At a recent gathering of Bob McBarton's Luncheon Society, Dr. Helen Fisher sat in a private room at the Napa Valley Grille in Los Angeles surrounded by 25 fellow diners who had come to hear her discuss her new book, Why Him? Why Her? (Holt) at the ambitious literary salon McBarton founded in 1997. After hosting more than 200 authors at luncheons in three cities (San Francisco, Los Angeles and most recently New York City), McBarton could be on his way to becoming the most famous marketer in the book business who's never worked in the industry or written a book. A San Francisco bank executive who loves the written word, McBarton has used his networking skills to create a following of 1,200 people who attend the Luncheon Society events across the country every year.
“It's a laid-back place to kick around some big ideas in the private room of a great restaurant. In a world where talking points are spun to irrelevance, we are a place that promotes spirited conversation with great authors who value the platform of a two- or three-way discussion about why their ideas are important,” said McBarton. “The Luncheon Society helps authors find the right audience in a nontraditional setting. It's really the people around the table that make each event a success and help sell books.”
McBarton works with author escorts and publishers to find speakers as well as tapping into some writer friends. People also have been contacting McBarton (email@example.com) to inquire if he can accommodate various authors who are on book tours at a luncheon in one of the three cities. Word of mouth has brought enough attention to the Luncheon Society that McBarton would like to bring the series to London by 2010.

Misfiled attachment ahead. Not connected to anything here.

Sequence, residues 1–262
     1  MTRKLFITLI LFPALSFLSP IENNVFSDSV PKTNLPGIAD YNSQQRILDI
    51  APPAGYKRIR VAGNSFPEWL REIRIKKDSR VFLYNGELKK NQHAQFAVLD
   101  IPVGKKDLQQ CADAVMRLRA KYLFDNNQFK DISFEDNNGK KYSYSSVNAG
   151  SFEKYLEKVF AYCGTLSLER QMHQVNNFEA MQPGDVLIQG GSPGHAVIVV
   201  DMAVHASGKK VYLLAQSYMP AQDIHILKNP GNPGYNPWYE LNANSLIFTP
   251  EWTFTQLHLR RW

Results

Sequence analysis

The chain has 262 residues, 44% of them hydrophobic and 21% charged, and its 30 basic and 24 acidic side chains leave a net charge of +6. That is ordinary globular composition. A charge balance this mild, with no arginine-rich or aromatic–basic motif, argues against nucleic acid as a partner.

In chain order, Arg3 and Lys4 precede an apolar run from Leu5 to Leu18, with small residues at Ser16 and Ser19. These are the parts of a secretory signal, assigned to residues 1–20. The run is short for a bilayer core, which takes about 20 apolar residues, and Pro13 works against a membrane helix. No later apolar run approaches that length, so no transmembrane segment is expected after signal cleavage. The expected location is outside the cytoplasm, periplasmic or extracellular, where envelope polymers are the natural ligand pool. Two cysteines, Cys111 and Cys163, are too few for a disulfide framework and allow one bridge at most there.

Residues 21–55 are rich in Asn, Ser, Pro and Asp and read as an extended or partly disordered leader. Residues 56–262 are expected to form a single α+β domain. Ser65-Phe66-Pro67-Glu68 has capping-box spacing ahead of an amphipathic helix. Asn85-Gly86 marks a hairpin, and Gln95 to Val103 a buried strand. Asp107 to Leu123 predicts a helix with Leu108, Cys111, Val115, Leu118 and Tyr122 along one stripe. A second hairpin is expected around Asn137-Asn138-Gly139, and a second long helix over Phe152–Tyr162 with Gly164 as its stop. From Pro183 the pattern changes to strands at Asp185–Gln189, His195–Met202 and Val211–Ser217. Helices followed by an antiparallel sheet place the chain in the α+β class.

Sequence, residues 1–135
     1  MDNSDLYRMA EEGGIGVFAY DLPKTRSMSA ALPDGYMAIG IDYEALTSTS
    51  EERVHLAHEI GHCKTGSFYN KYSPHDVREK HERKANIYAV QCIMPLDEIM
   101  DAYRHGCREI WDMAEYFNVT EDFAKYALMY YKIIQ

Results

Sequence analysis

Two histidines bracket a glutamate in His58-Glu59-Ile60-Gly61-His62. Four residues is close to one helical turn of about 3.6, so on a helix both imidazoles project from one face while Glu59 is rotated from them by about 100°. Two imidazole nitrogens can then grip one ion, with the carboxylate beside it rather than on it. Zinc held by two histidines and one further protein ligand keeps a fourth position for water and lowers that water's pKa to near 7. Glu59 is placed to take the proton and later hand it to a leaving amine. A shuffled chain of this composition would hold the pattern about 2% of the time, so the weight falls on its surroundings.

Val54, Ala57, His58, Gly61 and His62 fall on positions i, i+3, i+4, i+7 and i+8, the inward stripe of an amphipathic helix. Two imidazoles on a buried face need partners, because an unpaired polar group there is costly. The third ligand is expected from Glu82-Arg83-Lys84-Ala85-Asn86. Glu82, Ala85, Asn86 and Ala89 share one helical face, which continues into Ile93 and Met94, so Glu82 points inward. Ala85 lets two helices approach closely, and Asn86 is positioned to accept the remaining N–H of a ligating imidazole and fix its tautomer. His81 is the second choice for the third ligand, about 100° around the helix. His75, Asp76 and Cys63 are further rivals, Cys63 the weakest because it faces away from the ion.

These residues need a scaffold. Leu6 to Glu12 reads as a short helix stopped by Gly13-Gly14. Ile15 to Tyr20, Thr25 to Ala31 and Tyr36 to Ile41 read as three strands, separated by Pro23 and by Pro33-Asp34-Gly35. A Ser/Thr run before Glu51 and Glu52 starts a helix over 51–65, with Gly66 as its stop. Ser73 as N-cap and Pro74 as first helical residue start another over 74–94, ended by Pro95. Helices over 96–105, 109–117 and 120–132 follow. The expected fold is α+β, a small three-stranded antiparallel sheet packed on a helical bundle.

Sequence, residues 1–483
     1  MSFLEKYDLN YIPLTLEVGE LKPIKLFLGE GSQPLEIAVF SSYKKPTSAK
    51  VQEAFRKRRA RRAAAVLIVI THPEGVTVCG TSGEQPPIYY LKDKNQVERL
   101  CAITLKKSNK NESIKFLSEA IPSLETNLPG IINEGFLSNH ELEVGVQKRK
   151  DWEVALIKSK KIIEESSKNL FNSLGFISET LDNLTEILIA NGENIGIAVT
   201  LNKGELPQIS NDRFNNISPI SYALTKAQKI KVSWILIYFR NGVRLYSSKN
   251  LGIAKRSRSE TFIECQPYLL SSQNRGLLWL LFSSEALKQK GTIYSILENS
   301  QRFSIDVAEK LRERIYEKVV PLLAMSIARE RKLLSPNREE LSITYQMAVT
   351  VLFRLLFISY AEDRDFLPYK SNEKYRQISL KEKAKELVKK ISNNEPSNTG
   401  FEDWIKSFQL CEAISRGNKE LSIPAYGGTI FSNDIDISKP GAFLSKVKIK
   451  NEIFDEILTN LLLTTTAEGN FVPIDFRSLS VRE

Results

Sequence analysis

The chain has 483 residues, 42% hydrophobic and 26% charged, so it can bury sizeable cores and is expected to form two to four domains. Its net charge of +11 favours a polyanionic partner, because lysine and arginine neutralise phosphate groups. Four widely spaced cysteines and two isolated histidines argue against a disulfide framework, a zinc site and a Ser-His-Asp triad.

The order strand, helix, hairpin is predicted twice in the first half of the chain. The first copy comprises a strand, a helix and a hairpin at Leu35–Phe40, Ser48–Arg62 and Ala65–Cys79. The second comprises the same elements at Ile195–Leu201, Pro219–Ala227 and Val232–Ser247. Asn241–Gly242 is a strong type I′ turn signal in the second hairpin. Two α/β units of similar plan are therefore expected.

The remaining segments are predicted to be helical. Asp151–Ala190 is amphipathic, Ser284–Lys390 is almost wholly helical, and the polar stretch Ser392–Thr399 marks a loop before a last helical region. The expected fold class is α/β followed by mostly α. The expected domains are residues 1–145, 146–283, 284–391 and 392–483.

The gatherings are often memorable. “What's fun is that you never know who'll show up at these things,” McBarton said. “We had a luncheon for Ted Sorensen last year, and Dan Rather joined us around the table at the restaurant.” There was a raucous event with Christopher Hitchens in San Francisco in 2004 where all the guests retired to an outdoor bar after lunch for several hours of drinking and conversation. Two days after the 2006 Academy Awards show, Roger Ebert joined the Luncheon Society in Los Angeles and led the participants in a lively off-the-record debate about the merits of the films Crash and Brokeback Mountain. They closed the restaurant down.
The Luncheon Society members, who pay only for their meals (there are no dues) plus a few dollars toward the author's, are an amalgamation of McBarton's personal interests. They include journalists, political scientists, attorneys, entrepreneurs, scholars, artists and writers. “I'm dialed into a number of interesting networks,” McBarton said. “When the author's message is ping-ponged around a table filled with eclectic people, the word of mouth can really drive sales on a book.”
McBarton supports independent booksellers and utilizes them to make sure books are available for sale at each luncheon. He also provides a booklet that includes bios on the attendees, further ensuring the possibility of extended relationships and the flow of information among booklovers. McBarton, who contacts members via e-mail, averages about two luncheons per month. Upcoming gatherings will hear from Rev. Scotty McLennan discussing his book Jesus Was a Liberal, and later in June Mike Medavoy and Nathan Gardels on their book, American Idol after Iraq: Competing for Hearts and Minds in the Global Media Age.
Thus far the events have lent themselves more to nonfiction works and the ideas they promote. “That's going to change, though,” said McBarton. “We're open to all styles of writing, and there certainly is fiction out there with themes that our members are passionate about.”
As the publishing industry remains challenged by a shrinking base of marketing opportunities, the Luncheon Society offers a new approach to book and author promotions. “There are no rules and very little structure,” said McBarton, although he does thoughtfully moderate each event. “They happen when they happen. Come to the ones that work with your schedule and pique your interest.”